A little junk in the trunk could cost you a career in Japan, according to new government guidelines. Bloomberg reports that "Companies will be required to cut the number of overweight workers and dependents by 10 percent as of 2012 and 25 percent by 2015. Failing to do so will result in a surcharge of as much as 10 percent on contributions to a fund for elderly care." What is "overweight" in Japan? For men, it's a waistline of over 33.5 inches (85 centimeters), though other health indicators will also be used, like blood pressure, nicotine use, body mass and cholesterol. The Japanese are instituting these stringent penalties to combat the rising cost of health care and the growing obesity problem; health care spending rose 23% from 1995 to 2005. Even Sumo wrestlers, long heralded by the Japanese, are feeling the pressure to downsize: "Konishiki, whom fans call 'the Dump Truck' and who was the all- time heaviest competitor at more than 600 pounds, underwent gastric bypass surgery last month," reports Bloomberg.
But people being discriminated against because of their weight is not just specific to Japan. According to a new survey from Yale, 5% of men and twice as many women say they've faced weight discrimination, whether at the office or just generalized rude treatment. Reuters reports that "Women were particularly likely to perceive weight bias, with twice as many women as men reporting such discrimination."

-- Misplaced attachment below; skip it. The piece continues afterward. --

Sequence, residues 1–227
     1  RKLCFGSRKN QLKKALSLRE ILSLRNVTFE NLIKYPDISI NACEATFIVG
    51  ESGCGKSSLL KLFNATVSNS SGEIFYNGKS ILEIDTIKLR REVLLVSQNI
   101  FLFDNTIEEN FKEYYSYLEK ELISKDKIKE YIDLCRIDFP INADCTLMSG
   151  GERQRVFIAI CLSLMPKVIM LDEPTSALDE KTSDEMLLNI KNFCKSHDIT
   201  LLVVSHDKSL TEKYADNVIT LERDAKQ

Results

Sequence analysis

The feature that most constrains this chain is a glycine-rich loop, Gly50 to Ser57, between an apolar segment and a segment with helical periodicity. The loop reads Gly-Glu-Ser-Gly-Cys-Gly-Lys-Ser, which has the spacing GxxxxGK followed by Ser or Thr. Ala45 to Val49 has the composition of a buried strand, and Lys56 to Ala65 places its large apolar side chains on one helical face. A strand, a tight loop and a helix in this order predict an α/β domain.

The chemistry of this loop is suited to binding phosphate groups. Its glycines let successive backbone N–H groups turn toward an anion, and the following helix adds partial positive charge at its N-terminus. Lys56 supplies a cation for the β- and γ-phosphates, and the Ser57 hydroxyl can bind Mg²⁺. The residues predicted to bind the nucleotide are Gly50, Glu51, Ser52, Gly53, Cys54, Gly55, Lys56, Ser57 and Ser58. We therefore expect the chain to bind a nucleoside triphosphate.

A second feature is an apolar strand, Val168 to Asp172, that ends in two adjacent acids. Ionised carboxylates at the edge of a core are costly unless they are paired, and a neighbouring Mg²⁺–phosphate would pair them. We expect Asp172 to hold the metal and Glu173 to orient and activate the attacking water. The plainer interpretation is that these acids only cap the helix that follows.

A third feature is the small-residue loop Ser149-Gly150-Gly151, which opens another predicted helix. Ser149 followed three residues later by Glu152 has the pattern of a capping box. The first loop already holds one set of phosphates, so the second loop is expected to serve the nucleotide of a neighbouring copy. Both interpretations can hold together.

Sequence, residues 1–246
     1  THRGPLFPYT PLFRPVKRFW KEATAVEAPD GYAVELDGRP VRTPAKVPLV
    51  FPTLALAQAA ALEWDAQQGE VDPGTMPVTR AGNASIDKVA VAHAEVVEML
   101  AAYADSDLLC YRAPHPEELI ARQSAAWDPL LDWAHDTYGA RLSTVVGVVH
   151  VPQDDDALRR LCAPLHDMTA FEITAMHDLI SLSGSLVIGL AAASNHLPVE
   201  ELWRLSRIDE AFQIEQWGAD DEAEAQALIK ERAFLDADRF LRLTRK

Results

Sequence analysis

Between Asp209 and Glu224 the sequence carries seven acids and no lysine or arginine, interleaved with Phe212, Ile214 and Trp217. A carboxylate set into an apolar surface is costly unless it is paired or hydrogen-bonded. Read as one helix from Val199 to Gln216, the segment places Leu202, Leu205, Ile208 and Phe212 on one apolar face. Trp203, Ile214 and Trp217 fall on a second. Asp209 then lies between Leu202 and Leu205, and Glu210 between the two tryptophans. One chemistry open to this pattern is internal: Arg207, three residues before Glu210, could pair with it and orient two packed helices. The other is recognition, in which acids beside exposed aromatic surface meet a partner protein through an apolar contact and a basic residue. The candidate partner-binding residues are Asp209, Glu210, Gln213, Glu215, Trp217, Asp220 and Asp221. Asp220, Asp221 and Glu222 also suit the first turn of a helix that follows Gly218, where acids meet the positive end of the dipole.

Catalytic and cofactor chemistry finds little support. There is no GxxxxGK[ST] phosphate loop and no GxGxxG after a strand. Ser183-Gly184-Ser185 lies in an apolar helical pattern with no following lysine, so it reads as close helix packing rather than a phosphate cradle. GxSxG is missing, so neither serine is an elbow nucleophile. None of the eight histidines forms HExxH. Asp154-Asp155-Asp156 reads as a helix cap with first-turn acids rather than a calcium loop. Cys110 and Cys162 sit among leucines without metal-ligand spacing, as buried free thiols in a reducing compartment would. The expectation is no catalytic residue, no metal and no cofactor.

It gets worse. Women who are only slightly overweight perceive comparable levels of discrimination as severely overweight men and are "particularly likely to perceive weight bias, with twice as many women as men reporting such discrimination." Says Yale researcher Dr. Rebecca M. Puhl, this is probably due to "the stringent and unrealistic ideals of thinness that are placed on women in North America."
Japan's Bulging Waistlines Trigger Flab Tests in Land of Sumo [Bloomberg, via Al Dente Blog via Andrew Sullivan]
Weight Discrimination Common, U.S. Survey Finds [Reuters]